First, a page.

Sizing Template

This chapter describes a template that can be used to estimate the system configuration for TIBCO Streaming applications.

Memory Size

Add up the following sizes to determine the minimum physical memory size required.

  • Shared memory size

  • JVM heap memory size

  • TIBCO Streaming Runtime executable size

  • Operating system size

  • Non-TIBCO Streaming process sizes


A TIBCO Streaming application using highly available objects with a single active node and a single replica node on separate machines.

Size of application highly available object - 4 kilobytes
Number of highly available objects persisted - 1000000
4096 * 1000000 = 4096000000 bytes  (approximately 4 gigabytes).

Number of transactional objects modified per transaction - 4
Amount of memory modified per object - 8192 bytes
Number of concurrent transactions - 64
4 * 8192 * 64 = 2097152 bytes

Primary Machine:
  70 Megabytes (Runtime shared memory footprint)
4096 Megabytes (highly available objects persisted in shared memory)
   2 Megabytes (in flight transactions)
 100 Megabytes (TIBCO Streaming process memory)
4268 Megabytes  + JVM memory + Operating system memory + Other processes memory

The backup machine has the same memory requirements as the primary machine.

Path length

Processing time for a unit of application work (e.g. request/response processing), less any time spent blocked waiting (e.g. Disk I/O, or waiting for a response from an intermediate system).


The elapsed time for servicing a unit of application work. This is the sum of the path length cost and any time spent blocked.

If the latency is larger than the required target then it can be reduced by one or more of the following items:

  • Decrease the amount of path length work (simplify or optimize the application).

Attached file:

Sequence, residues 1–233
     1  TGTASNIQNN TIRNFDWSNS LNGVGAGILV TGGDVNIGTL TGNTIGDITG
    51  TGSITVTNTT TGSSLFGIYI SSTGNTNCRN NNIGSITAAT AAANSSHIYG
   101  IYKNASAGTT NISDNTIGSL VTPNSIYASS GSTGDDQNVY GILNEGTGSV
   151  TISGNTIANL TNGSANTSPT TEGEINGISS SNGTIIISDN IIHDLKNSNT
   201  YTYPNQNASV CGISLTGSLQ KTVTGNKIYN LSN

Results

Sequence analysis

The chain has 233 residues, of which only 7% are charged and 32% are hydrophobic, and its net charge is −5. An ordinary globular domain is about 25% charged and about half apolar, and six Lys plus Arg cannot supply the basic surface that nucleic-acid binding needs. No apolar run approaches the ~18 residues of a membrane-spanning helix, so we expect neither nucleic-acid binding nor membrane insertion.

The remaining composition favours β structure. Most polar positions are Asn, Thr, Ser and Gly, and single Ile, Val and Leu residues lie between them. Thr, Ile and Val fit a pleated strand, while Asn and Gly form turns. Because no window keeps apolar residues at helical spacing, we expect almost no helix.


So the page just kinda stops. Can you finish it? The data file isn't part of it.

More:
• Caching data in memory instead of retrieving it from an external resource (such as disk or network).

  • Increasing the performance of resources which are waited for (such as faster disk or network).

  • Increasing processor clock rate.

Message Throughput

In an ideal system, with a parallelizable load, the message throughput is simply the number of processors divided by the path length.

Network Utilization

When using High-availability, Managed object data is transparently copied across the network between nodes. The size of the object data copied is approximately the same size as the optimal allocationSpaceBytes reported by the memoryUsage() report shown earlier in the Shared Memory section of the Sizing Metrics chapter. There are also PDU headers sent.

  • Header — 28 bytes

  • SendMarshal — 112 bytes

  • ResponseMarshal — 56 bytes

  • TransactionInfo — 40 bytes

The following calculations may be used for estimating network traffic between each of the nodes that are part of the Managed object's High-availability partition:

For each Managed object created, there is a request:

Header + SendMarshal + ObjectDataSize  

and a response:

Header + ResponseMarshal + ObjectDataSize + TransactionInfo      

Example for the creation of a Managed object of 1024 bytes:

1024 + 28 + 112 + 1024 + 28 + 56 + 40 = 2312 bytes    

For Managed object updates and Managed object multiple objects are sent in the same PDU, the request contains:

Header + SendMarshal + (N * ObjectDataSize)     

where N is the number of objects modified in the current transaction. This is limited by maximumPDUSizeBytes, which defaults to 1000000. Larger transactions are spread across multiple network requests.

The response contains:

Header + ResponseMarshal + TransactionInfo     

Example for the update of Managed object 1 (1024 bytes) and Managed object 2 (2048 bytes) in the same transaction:

28 + 112 + 1024 + 2048 + 28 + 56 + 40 = 3336 bytes     

Disk Size

  • The space required by the TIBCO Streaming installation (typically around 2 Gigabytes).

  • If using file based shared memory, the space required by the shared memory file. This size is configurable and set at node installation time. System V shared memory does not use disk space for storing the shared memory.

  • Swap space on the system, at least the same size as physical memory.

  • Space for node log files. In typically production operation not much space is needed, but these files can grow over time, and can grow at faster rates if extra system tracing is enabled, or if there are many exceptions or deadlocks in the system. 1 Gigabyte should be a sufficient amount of space to start with.

  • Space for application logging. This is application dependent.